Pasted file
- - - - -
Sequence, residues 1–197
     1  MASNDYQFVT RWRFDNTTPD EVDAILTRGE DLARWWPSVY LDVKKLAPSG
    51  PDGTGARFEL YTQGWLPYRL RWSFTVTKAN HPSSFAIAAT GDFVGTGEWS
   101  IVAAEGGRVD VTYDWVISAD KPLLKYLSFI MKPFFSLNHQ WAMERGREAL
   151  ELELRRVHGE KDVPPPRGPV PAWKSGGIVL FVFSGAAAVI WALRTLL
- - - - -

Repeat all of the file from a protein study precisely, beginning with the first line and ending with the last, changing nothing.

Sequence, residues 1–197
     1  MASNDYQFVT RWRFDNTTPD EVDAILTRGE DLARWWPSVY LDVKKLAPSG
    51  PDGTGARFEL YTQGWLPYRL RWSFTVTKAN HPSSFAIAAT GDFVGTGEWS
   101  IVAAEGGRVD VTYDWVISAD KPLLKYLSFI MKPFFSLNHQ WAMERGREAL
   151  ELELRRVHGE KDVPPPRGPV PAWKSGGIVL FVFSGAAAVI WALRTLL